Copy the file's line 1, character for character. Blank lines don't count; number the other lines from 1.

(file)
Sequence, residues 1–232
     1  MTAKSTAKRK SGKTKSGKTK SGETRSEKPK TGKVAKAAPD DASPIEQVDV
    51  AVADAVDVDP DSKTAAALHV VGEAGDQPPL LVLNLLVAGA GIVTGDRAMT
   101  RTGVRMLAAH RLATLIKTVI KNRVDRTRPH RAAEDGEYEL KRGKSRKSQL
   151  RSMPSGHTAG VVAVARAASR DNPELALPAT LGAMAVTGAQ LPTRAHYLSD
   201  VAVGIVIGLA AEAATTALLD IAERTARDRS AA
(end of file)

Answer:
Sequence, residues 1–232